News

Ejecting flagella could help microbes save energy during nutrient depletion

Images from our data of (left) a functioning flagellar motor, and (right) a flagellar motor in the process of disassembling.

Credit: Morgan Beeby, Imperial College London

Close

In favorable conditions, many bacteria propel themselves to food sources and other sites of interest using whip-like molecular propellers known as flagella. However, according to new research published on March 19 in the open-access journal PLOS Biology, by Josie Ferreira and colleagues of Imperial College London, members of the bacterial class Gammaproteobacteria eject their flagella when nutrients are scarce.

advertisement

These findings suggest a previously unknown mechanism for microbes to save energy in lean times. Earlier research has shown that bacteria switch from a mobile to stationary phase in the face of nutrient depletion, but it has been unclear how they deactivate their large, energy-intensive flagella.

The authors of the new study used electron microscopy to get a 3-D look at Gammaproteobacteria that have one or more flagella clustered at one end of each cell. Focusing on two species, Plesiomonas shigelloides and Vibrio fischeri, they saw that microbes living in a nutrient-abundant environment had few partial flagella, but microbes in nutrient-depleted conditions had many more partial flagellar structures.

Further experiments confirmed that these partial structures were relics of flagella that had been ejected, and that a nutrient-depleted environment was indeed the trigger. So, like mountaineer Aron Ralston cutting off his own arm to avoid certain death in the film 127 Hours, bacteria cut off their own tails to avoid starvation.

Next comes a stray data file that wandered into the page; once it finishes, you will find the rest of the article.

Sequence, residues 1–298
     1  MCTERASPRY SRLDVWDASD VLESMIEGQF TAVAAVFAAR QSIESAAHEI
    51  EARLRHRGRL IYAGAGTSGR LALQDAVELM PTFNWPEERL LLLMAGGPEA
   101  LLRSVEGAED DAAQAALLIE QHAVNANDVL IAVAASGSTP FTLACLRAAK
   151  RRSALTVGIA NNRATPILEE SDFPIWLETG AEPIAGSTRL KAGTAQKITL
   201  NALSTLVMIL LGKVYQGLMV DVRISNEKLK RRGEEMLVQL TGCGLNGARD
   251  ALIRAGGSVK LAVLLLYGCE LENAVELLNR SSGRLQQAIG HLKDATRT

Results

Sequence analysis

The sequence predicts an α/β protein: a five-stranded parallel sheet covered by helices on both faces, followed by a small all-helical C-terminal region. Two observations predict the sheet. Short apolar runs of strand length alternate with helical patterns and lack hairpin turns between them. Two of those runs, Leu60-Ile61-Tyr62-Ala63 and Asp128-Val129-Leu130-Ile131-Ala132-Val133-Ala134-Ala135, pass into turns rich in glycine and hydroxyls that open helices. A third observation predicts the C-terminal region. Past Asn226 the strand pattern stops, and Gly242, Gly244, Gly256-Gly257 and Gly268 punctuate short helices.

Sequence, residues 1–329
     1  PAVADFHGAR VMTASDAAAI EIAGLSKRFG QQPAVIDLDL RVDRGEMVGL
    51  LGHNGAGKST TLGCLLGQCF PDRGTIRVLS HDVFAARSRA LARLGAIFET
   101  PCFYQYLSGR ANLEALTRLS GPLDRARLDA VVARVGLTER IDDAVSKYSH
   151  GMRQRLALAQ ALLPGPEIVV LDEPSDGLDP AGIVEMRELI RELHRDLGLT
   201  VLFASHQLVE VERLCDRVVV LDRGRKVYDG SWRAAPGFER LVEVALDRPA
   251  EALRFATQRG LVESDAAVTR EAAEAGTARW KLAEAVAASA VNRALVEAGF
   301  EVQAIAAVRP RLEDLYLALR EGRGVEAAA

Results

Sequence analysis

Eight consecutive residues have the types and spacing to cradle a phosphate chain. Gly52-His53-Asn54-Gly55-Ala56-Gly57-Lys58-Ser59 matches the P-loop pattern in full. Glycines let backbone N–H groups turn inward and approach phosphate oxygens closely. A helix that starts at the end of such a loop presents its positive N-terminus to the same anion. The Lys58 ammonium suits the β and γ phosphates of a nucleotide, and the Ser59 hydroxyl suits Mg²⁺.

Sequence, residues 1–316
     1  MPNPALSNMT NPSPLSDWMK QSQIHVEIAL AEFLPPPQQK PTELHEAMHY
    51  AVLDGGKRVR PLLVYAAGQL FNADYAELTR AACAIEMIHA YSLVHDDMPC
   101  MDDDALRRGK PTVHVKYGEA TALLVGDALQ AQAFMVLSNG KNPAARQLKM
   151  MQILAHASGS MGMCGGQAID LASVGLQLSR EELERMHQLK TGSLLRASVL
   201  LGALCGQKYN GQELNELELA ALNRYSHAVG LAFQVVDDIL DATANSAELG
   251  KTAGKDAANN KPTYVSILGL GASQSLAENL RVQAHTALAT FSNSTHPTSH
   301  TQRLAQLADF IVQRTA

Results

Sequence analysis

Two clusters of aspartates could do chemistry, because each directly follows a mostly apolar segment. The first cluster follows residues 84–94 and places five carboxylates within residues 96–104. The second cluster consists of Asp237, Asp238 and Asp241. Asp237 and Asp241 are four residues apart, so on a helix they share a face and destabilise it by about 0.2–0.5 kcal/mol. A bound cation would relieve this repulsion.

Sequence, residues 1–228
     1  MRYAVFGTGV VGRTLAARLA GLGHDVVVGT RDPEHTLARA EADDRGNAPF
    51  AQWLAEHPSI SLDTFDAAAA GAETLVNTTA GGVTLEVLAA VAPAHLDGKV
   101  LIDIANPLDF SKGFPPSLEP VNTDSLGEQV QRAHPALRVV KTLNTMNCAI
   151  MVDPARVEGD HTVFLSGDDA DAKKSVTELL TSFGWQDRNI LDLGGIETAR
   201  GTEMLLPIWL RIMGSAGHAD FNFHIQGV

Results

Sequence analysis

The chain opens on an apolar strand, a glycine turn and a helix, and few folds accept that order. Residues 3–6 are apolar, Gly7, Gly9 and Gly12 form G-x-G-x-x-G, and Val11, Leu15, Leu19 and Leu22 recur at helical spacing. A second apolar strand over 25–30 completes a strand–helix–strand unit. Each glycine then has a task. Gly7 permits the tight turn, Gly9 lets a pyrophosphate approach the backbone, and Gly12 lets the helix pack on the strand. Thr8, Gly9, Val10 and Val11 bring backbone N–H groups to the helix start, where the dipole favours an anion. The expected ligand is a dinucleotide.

Flagella are driven by tiny motors embedded in the cell membrane, so ejecting the flagella runs the risk of leaving empty motors with wide-open portals that would allow spillage of the insides of the cell into the environment. Intriguingly, the researchers found that an unidentified protein plugs up the relics of flagellar motors, and they hypothesize that this plug prevents leakage of cellular contents through the resulting hole in the cell membrane.

In the future, additional research could clarify the molecular details of the ejection process, including the identity of the plug protein.

advertisement

Materials provided by PLOS . Note: Content may be edited for style and length.

PLOS. "Ejecting flagella could help microbes save energy during nutrient depletion." ScienceDaily. ScienceDaily, 19 March 2019. .

PLOS. "Ejecting flagella could help microbes save energy during nutrient depletion." ScienceDaily. www.sciencedaily.com/releases/2019/03/190319142306.htm (accessed March 19, 2019).
Read more on sciencedaily.com
News Topics :
RELATED STORIES :
Science
The bacterial flagellum is one of nature s smallest motors, rotating at up to 60, 000 revolutions per minute. To function properly and propel the bacterium, the flagellum requires all of...
Science
Do bacteria control their walks like we do It might sound strange, but it s a fundamental question. Understanding bacteria motility would not only expand our understanding of their behavior,...
Science
A cell s plasma membrane forms a protective barrier, separating its inner contents from the outside environment. There is a pressing need to better understand the complex lipid bilayer that...
Science
A false color structure of RssB pink and cyan a protein that specifically recognizes a critical stress response master regulator in bacteria and delivers it to the recycling machinery somewhat like...
Technology
More than one in 10 people in the world lack basic drinking water access, and by 2025, half of the world s population will be living in water stressed areas, which...